When Sheriff Duane Burgess first introduced the idea of a CIT program to county officials, he said he didn’t want someone else to build the system. He wanted the county to build its own.

“We want to be on the cutting edge in Johnson County,” Burgess said. “We created a great system. People are noticing it; Indiana Supreme Court justices have noticed it.”

Officials have talked about it at judicial meetings with judges from other areas, and they’ve seen the positive effects it has had on Johnson County. Additionally, officers from across the state have come to Johnson County to attend the class, as the county is one of only 16 in Indiana that has a class certified by the National Alliance on Mental Illness, or NAMI.

“They’re wanting to take that back to their counties because these leaders care about their folks, their officers, their public safety workers, and they’re wanting to ensure that they’re doing what’s right,” Burgess said.

Officials have also called the program a model for the state, a designation that makes Engemark and the other deputies proud. Johnson County’s program was modeled after crisis response teams in Indianapolis and San Antonio.

“We feel honored to not only be able to do this job and help people out when they’re in a crisis but we’re also honored to have the cooperation that we have from the sheriff to the judges, to the commissioners to the council and also court services,” Engemark said.

The crisis intervention deputies have also been visiting different agencies across the state, like recovery centers and mental health facilities, so they can get a better feel of what those places are like. By learning more about the facilities and what they offer, they can provide more resources and options to the people who need them, Engemark said.

More focus on help

CIT has helped people having a mental health crisis get access to the services they need. In the past, if there was a person with a mental health issue and officers didn’t know what to do, they would take them to jail, said Shannon Chambers, crisis intervention deputy.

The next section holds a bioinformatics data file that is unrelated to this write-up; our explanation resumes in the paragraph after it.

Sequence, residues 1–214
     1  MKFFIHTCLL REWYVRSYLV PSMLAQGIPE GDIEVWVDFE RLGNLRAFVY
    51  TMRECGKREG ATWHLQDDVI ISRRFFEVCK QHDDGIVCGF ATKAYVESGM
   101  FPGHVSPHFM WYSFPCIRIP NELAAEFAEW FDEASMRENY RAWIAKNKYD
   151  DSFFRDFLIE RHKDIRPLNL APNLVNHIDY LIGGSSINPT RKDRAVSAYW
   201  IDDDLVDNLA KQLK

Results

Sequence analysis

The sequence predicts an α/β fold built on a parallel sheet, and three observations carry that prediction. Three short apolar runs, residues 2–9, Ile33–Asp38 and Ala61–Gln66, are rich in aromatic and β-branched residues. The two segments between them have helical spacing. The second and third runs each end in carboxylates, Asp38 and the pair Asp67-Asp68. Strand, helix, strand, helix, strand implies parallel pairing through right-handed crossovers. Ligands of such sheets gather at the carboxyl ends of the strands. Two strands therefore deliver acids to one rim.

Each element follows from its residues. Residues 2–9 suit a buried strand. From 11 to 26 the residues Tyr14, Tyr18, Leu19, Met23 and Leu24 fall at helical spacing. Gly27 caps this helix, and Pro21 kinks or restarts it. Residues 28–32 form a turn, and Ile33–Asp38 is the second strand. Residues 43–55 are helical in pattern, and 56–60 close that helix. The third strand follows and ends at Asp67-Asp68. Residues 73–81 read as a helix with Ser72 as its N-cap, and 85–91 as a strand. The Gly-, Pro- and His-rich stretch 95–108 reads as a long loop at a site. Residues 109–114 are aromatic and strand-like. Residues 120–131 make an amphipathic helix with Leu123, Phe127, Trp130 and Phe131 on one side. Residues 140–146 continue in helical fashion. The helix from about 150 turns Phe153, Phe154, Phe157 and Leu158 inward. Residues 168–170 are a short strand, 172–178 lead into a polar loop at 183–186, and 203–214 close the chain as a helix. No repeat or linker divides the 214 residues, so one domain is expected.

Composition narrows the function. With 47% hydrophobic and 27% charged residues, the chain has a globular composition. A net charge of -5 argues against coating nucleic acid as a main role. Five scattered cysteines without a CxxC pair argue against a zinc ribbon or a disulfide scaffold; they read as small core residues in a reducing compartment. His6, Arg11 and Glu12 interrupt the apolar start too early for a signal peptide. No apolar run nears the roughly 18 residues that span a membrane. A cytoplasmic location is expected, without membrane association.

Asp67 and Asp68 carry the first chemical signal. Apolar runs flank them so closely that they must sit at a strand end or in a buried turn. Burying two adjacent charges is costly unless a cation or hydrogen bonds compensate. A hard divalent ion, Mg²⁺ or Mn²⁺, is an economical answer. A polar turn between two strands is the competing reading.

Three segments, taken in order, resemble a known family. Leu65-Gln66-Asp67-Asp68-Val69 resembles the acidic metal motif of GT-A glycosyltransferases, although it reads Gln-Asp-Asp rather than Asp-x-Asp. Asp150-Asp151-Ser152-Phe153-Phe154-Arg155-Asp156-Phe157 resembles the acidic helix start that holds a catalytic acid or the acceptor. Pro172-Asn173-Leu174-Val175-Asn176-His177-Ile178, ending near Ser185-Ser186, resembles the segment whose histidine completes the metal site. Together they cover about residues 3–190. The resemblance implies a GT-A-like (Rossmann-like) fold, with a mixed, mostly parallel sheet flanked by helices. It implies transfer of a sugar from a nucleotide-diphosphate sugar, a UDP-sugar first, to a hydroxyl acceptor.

Now the conversation has shifted to getting them help and services so the person can get stabilized and become productive, she said.

The crisis intervention deputies have also noticed a decrease in the number of repeated calls involving the same individuals, as they can do follow-ups and point them toward help and other resources, Engemark said.

“Of course, we’re not 100% getting that done,” he said. “But we’ve seen a huge increase in getting those numbers to come down because of us being able to focus more on getting them the help they need.”

The stigma surrounding mental health is starting to break because people are realizing help is available and because many counties, along with the state, are focused on mental illness, Engemark said. It just needs to break further.

“We just hope that people in the community understand that the stigma needs to be broken so that we can truly get our clients the help that they need,” he said.

Chambers wants people to know it’s OK for people to call and ask for help. It doesn’t have to be a crime for someone to call the sheriff’s office, she said.

People in crisis situations should call 988, the Suicide and Crisis Lifeline. At the call center, the call will get forwarded to whoever can best help them, Engemark said.

“But, of course, they can still call the sheriff’s office or 911 as well, if it’s a true crisis/emergency,” he said.